PubDate: 2023-01-01
       
  • Does private health insurance prevent the onset of critical illness and
           disability in a universal public insurance system'

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      Abstract: Abstract There are numerous studies investigating the effect of health insurance on healthcare utilisation, but there is little empirical evidence examining the effect of private health insurance on objective health outcomes in a universal public health system. Tracking each individual’s health status using panel data, we explore whether there is a difference in the probability of contracting a critical illness or becoming disabled between the privately insured and uninsured. The empirical analysis showed that the incidence of severe disease and disability was 0.76–0.52 times and 0.63–0.31 times lower, respectively, for those with private health insurance. Many theoretical and empirical studies have argued that excessive healthcare utilisation caused by owning health insurance incurs social costs. However, if health insurance lowers the likelihood of serious illness and disability, in the long run, it may lower healthcare utilisation and have a positive effect on human capital and social welfare.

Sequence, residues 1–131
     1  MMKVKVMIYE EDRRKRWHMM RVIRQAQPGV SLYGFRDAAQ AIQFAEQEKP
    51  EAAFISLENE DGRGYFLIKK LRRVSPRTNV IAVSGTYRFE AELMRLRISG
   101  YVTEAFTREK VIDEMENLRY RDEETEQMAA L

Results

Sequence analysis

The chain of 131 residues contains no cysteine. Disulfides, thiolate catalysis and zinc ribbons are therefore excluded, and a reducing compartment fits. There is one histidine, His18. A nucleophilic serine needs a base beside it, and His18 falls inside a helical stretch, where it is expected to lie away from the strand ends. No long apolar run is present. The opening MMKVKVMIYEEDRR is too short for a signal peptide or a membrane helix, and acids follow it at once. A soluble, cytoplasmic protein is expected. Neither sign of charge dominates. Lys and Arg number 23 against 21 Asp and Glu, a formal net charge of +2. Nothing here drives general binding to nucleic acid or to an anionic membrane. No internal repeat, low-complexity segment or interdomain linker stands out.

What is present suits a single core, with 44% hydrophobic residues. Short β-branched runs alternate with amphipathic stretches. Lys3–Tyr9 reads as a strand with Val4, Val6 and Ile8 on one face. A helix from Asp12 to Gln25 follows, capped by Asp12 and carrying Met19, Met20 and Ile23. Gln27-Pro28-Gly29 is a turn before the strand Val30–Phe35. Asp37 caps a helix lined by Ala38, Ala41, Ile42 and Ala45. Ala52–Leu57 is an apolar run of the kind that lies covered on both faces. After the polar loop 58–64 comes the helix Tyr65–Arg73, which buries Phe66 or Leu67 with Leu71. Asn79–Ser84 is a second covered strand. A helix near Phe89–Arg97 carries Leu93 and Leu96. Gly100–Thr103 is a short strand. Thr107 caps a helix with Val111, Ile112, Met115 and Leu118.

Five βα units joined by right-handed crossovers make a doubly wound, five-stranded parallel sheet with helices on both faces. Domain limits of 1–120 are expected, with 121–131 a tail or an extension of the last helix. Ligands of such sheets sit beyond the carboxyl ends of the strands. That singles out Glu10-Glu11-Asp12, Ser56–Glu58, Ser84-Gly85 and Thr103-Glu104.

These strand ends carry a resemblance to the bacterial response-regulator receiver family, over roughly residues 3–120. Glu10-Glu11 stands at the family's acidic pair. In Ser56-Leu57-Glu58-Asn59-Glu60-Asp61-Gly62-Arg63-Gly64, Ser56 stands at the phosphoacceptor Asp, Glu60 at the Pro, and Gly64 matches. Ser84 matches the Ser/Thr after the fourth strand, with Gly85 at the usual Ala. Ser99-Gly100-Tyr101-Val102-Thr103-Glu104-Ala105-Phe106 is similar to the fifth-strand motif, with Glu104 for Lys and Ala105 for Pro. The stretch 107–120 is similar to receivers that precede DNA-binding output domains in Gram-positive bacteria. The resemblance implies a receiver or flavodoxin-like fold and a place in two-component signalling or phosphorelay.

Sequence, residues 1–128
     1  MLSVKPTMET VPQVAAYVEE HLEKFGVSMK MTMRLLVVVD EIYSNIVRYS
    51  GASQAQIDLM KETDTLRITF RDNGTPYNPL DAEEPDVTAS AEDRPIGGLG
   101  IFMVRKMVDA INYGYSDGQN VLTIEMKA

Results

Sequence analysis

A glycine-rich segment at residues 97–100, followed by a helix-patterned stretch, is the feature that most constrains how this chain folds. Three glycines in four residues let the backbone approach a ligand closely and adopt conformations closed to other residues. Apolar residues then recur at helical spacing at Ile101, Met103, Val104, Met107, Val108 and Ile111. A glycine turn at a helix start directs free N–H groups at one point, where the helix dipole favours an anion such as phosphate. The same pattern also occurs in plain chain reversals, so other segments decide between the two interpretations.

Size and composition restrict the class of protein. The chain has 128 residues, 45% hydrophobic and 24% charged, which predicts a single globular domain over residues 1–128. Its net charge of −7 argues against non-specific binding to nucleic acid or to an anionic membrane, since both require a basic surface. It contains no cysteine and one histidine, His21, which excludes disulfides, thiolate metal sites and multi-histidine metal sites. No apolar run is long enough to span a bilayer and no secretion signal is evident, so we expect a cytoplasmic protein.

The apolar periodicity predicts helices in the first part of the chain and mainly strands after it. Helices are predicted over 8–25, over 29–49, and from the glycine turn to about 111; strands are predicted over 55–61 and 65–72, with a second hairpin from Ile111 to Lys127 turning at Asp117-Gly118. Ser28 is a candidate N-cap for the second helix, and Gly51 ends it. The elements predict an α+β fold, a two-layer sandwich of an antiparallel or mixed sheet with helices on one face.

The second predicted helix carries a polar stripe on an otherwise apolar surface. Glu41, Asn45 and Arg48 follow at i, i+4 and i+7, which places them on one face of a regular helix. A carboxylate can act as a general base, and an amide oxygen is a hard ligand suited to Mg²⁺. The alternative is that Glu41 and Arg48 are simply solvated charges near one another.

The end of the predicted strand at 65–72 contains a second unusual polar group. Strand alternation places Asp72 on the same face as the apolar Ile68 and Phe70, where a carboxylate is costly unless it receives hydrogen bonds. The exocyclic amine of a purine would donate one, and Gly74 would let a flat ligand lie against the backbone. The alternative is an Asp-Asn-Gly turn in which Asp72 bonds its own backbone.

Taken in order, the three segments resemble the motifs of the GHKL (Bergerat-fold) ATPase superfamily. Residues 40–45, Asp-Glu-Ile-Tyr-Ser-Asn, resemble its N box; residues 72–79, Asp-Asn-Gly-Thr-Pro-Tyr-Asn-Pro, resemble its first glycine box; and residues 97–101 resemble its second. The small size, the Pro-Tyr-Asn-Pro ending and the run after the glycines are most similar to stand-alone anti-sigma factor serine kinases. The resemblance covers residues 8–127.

PubDate: 2023-01-01
       
  • On the financial superiority of Medicaid specialist insurers: a novel
           transactions cost/supply chain approach